Lectures: 2 sessions / week, 2 hours / session
The class consists of 5 units. Unit I introduces some classics from the planning literature. Units II, III and IV are based on case-studies of Boston, Mexico City and Rotterdam. Each of these units will last 4 classes. The first class will consist of a 2-hour presentation of the case; the second class will meet in sections for students to discuss the case. In the third class, groups of 5 or 6 students will present a group project to the class, based on guidelines set out by the case-study presenter. In the fourth class, the class again meets in sections to discuss the group projects. Each student will participate in one group project over the course of the term. At the end of each unit, students who did not give a group presentation will submit a 5 page memo commenting on the case in light of the initial planning action framework presented in the 1st unit. Unit V will provide a course wrap-up, focus on the future of the profession of city planning and will also include an in-class final to evaluate mastery of the required readings.
Each student's grade will be based on
This class will take advantage of the resources provided by the class website. It is your responsibility to consult it regularly for updates in the syllabus, reading list, and assignments. All the readings for the class will be available for download from the website. Also, all materials presented in class will be posted on the site. The website also has a discussion forum capability which you are encouraged to use to continue class discussions.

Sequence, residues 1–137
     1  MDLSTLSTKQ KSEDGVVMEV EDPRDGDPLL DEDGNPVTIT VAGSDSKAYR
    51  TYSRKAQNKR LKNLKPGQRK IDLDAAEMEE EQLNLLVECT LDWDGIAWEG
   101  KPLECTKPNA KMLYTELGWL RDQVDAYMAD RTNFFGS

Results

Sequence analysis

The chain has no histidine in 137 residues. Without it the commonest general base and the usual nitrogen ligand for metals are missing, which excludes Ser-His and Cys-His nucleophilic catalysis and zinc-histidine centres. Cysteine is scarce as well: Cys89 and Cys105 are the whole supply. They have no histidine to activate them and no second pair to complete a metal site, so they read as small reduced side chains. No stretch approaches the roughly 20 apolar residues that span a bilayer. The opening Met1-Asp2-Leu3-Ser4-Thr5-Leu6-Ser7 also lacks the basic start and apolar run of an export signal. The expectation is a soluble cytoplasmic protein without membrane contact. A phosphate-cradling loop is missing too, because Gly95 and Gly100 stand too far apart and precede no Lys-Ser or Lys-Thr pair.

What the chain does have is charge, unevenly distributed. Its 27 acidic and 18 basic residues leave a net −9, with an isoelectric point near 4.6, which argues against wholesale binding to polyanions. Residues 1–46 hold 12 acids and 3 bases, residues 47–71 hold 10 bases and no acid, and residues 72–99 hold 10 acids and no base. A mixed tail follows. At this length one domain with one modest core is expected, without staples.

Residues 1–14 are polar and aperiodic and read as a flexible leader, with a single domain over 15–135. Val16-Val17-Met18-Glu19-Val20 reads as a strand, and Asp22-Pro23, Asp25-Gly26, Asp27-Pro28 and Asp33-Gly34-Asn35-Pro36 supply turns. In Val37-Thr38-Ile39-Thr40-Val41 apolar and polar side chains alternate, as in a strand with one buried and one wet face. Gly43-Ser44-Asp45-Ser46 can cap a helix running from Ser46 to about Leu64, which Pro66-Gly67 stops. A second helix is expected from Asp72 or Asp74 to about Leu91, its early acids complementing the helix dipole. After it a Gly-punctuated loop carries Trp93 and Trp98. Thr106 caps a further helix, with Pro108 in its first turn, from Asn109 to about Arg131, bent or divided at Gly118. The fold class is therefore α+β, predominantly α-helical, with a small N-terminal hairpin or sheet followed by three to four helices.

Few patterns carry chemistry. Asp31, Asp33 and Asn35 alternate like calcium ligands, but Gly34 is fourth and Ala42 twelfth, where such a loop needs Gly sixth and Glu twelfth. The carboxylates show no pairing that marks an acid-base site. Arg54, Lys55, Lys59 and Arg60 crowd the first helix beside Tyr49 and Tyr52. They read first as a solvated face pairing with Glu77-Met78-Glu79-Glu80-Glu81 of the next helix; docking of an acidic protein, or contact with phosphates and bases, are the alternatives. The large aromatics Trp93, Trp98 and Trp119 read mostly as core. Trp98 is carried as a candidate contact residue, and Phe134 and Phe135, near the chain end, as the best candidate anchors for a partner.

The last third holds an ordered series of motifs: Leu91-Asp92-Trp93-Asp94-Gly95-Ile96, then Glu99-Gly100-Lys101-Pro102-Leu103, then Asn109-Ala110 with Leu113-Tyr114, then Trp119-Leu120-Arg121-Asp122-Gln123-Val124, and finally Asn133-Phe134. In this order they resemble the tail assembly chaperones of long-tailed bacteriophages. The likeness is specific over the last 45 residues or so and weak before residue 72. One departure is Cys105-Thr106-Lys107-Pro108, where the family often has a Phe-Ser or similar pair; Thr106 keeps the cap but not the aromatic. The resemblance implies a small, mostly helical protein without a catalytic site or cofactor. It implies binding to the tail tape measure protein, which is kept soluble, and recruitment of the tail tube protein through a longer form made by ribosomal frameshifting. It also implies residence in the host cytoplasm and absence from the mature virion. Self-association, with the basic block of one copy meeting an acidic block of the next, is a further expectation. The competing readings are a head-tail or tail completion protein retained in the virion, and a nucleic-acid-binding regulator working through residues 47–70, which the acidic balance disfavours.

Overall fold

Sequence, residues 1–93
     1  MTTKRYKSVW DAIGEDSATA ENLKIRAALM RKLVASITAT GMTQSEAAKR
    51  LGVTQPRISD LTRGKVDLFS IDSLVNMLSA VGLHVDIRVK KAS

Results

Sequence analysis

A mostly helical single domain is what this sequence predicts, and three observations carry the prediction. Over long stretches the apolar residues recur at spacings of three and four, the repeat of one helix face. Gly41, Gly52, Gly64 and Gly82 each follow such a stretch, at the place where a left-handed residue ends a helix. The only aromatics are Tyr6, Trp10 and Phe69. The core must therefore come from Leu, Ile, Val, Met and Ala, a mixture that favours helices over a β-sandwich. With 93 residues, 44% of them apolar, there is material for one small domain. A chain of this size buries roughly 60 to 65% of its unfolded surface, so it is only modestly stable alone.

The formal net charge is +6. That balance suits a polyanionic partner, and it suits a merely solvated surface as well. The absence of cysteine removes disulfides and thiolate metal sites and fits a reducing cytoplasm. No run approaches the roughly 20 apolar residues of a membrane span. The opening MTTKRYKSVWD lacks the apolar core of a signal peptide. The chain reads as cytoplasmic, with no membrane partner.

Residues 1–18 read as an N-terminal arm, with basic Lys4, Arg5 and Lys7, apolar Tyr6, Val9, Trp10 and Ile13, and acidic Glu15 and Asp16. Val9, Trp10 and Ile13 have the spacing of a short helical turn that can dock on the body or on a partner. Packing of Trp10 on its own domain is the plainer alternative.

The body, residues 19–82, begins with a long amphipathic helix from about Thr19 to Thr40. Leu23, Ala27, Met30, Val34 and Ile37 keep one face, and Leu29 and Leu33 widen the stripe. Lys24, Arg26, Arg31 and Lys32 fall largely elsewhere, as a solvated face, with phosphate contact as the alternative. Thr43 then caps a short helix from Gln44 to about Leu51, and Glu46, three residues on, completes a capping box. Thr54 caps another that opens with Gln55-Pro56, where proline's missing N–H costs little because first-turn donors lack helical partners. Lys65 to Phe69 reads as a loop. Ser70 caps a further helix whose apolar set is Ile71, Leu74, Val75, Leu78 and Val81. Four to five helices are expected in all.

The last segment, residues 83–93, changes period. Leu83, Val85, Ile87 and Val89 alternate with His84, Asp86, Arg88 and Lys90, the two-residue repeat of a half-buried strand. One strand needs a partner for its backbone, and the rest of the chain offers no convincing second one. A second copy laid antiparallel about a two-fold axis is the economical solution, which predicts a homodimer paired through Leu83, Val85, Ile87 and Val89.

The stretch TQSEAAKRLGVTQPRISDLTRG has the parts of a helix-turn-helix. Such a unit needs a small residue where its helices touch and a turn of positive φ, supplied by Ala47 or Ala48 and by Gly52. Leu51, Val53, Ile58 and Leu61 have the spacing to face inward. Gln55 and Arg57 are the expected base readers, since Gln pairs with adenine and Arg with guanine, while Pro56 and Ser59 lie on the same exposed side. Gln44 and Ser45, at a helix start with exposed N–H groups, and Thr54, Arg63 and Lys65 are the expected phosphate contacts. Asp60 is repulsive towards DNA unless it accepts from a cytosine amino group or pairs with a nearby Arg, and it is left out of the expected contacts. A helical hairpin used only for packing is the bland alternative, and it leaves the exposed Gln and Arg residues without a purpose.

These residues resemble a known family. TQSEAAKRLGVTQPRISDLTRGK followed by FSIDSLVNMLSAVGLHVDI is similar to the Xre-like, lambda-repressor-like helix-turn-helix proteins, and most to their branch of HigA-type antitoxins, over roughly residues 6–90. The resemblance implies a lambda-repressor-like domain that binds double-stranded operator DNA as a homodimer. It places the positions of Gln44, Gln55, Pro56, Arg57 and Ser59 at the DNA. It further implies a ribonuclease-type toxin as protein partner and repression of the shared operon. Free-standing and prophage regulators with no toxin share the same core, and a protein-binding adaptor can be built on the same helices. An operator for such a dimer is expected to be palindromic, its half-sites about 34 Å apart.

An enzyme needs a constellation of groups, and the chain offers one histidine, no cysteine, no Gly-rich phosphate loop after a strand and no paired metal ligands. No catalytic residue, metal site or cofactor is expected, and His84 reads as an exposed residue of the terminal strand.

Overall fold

At the suggestion of previous MCP students, students have randomly been assigned to study groups of 6 or 7 students. The first student in each of these groups is its coordinator. These groups are encouraged to meet on their own time (once a week for an hour, or as they see fit) to discuss assigned readings, group presentations, memo assignments and to serve as a small support group. These sections are separate and different from both class discussion sections and project groups. The study group assignment can be found at the end of this syllabus, on-line. On the same sheet, you will find a number (from 1 to 4) before each name. This refers to the section you have been assigned to for in-class discussion.
A project sign-up sheet will be circulated on the first class. Every student must sign-up for one project group. There will be 4 groups (of 5 and 6 students) preparing reports on each case study. Students who do not fill out this sheet in class will be randomly assigned to a project group. By the second class, the finalized listing of project groups will be available on the class website. Groups will be allotted 30 minutes (including 10 minutes for questions/discussion) for their presentation during the 3rd class for their unit. Project groups are responsible for working with the course TAs to make sure that their presentation is available on the course website no later than 2pm on the day of their presentation. It is highly recommended that the presentation be online prior to it being given in class. At the end of the course, the project groups are expected to submit a full write-up based on their in-class presentation.
Students not involved in a group project will be responsible for submitting individual assignments on that unit. The detailed assignment guidelines will be available on the course website. The assignment must be handed in to the Gateway TAs at the beginning of the class marking the beginning of the next unit. Late assignments will not be accepted without a reasonable justification.